The UK's August CPI rose by0.3%, less than half of the median projection in Bloomberg's survey and theyear-over-year rate slipped to 6.7% from 6.8%. The core rate fell to 6.2% from6.9%. The 0.3% increase means that over the past three months, UK CPI has beenflat. Meanwhile, producer prices continue to fall on a year-over-year basis.The Bank of England meets tomorrow, and today's data has seen a marked shift inexpectations. As of yesterday, the swaps market had discounted an almost 80%chance of a hike. Now, post-CPI, there is less than a 50% of a hike discountedfor tomorrow. The market has an almost 90% of a hike between now and the end ofthe year. Before today's CPI, the market was leaning toward two hikes thisyear. Some officials have suggested that the pace of QT could be acceleratedfrom the current GBP80 bln a month. With GBP100 bln being the maximum (signaledby the top two BOE officials), GBP90 bln then seems most likely forcentral-bank think. Ahead of the weekend, the UK reports August retail sales. Abounce back after a 1.2% fall in the headline was reported in July (-1.4%excluding gasoline) is expected. The UK will also see the preliminary SeptemberPMI before the weekend. The composite fell below 50 in August (48.6) for thefirst time since January and likely remained in contracting territory thismonth.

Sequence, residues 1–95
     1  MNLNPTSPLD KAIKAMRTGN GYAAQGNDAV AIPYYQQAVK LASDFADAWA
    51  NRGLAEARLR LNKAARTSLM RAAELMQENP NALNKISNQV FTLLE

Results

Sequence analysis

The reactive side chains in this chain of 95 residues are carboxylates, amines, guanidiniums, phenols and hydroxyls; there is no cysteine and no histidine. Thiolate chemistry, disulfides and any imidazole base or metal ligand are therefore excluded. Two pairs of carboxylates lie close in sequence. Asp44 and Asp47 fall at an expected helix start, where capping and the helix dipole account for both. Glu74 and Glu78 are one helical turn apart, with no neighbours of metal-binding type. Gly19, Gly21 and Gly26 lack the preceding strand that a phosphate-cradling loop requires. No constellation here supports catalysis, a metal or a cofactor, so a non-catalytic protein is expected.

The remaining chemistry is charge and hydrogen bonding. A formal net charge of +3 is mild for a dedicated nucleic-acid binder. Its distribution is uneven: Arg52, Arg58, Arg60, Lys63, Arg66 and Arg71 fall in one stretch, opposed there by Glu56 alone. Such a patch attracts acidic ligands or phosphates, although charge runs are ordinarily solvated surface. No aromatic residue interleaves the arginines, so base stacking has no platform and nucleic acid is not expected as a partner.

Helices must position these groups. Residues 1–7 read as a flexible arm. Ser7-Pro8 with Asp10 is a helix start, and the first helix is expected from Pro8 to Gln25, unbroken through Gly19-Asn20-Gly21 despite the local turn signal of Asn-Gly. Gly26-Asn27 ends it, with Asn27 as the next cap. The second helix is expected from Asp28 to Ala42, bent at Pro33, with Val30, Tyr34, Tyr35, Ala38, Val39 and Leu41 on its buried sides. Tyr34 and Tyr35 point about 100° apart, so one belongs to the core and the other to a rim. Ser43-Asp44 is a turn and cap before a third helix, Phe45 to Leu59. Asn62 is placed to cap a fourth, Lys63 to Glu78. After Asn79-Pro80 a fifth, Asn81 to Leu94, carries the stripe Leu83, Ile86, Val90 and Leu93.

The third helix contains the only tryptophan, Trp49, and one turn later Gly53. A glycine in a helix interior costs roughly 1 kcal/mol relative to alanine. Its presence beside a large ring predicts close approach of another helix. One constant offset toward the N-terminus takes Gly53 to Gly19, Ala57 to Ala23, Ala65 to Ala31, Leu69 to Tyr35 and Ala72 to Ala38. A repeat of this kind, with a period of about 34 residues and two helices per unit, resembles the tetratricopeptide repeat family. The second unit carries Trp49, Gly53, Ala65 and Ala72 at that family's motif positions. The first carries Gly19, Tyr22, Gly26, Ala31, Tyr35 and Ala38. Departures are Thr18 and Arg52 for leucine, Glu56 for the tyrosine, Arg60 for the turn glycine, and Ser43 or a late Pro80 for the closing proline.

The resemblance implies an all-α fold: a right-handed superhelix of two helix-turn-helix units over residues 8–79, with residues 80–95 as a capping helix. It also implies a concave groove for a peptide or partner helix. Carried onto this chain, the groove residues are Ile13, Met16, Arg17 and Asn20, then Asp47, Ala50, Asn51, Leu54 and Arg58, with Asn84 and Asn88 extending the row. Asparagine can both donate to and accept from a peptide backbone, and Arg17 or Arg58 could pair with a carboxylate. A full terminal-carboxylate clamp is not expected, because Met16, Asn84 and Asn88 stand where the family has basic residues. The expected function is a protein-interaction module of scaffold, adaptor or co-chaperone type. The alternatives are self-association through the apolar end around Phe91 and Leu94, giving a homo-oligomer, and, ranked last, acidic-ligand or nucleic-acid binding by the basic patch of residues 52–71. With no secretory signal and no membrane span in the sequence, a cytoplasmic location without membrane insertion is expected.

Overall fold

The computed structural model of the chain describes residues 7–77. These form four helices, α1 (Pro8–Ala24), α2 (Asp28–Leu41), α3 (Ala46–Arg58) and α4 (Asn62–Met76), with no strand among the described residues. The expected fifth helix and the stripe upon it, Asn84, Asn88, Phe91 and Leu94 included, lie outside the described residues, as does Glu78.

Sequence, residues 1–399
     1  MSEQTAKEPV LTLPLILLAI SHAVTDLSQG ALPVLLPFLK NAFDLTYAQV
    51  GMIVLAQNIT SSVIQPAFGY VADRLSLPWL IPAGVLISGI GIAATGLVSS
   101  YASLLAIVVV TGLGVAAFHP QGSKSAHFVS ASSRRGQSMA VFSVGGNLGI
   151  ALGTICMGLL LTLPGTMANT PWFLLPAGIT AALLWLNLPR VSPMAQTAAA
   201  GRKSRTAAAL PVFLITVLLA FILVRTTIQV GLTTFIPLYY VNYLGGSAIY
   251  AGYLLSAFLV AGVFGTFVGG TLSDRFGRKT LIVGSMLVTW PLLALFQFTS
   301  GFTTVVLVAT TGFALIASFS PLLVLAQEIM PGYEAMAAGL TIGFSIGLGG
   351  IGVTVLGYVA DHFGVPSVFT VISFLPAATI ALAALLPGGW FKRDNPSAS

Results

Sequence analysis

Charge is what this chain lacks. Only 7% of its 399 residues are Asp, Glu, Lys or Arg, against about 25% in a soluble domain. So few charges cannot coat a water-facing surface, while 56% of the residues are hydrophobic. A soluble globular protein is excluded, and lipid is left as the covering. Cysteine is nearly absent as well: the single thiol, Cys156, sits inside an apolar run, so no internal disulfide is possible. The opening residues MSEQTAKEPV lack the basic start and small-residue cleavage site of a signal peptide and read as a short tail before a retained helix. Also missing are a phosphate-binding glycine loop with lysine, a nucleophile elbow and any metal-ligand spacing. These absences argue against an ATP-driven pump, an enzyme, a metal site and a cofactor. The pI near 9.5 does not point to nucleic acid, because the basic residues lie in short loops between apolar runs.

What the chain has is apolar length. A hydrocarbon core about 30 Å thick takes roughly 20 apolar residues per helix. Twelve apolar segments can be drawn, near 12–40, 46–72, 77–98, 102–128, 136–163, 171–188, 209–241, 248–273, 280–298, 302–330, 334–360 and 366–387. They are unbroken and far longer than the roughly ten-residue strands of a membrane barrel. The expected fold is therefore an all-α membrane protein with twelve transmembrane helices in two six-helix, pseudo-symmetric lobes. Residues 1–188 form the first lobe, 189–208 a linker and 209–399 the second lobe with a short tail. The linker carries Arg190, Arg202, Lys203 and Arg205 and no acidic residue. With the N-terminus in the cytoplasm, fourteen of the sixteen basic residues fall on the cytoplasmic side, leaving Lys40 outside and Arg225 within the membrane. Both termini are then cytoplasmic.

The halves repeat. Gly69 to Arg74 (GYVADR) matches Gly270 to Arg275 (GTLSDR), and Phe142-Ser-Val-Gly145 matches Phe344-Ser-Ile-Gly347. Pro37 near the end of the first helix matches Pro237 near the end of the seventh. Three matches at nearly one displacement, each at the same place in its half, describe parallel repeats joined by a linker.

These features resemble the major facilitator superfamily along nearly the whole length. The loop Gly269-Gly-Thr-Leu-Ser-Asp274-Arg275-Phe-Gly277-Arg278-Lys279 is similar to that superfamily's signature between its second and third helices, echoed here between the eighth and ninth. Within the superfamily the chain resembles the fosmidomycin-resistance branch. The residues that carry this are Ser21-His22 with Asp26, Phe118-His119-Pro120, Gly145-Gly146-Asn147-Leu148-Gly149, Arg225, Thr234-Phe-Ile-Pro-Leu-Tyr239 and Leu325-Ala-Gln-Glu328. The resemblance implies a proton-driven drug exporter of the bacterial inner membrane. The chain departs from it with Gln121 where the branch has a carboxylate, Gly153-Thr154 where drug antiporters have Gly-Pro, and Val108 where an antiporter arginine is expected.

The euro was turned backfrom approaching $1.0720 in early North American activity yesterday and wassold back to the session lows (~$1.0675) and closed poorly. The nine-week slide is longer than mosttraders have seen in their careers, and many are tempted to pick a bottom,maybe like seeing nine reds in a row at a roulette table. The price action,though, is not encouraging. The nine-week losing streak could become ten. Positioningin the futures market does not seem consistent yet with kind of capitulationoften seen at the end of a such a persistent trend. The euro has been mostly confinedto the quarter-cent range mostly below $1.07, so far today. Sterling bears havebeen stymied for the past three sessions near $1.2370. The soft CPI figuressaw it give way, and sterling fell slightly below $1.2335 before recoveringback to $1.2375. There is scope for additional albeit modest gains. Despiteintraday penetration, it has not managed to close above $1.2400 either. It hasalso settled the past four sessions below the 200-day moving average(~$1.2435), the most this year.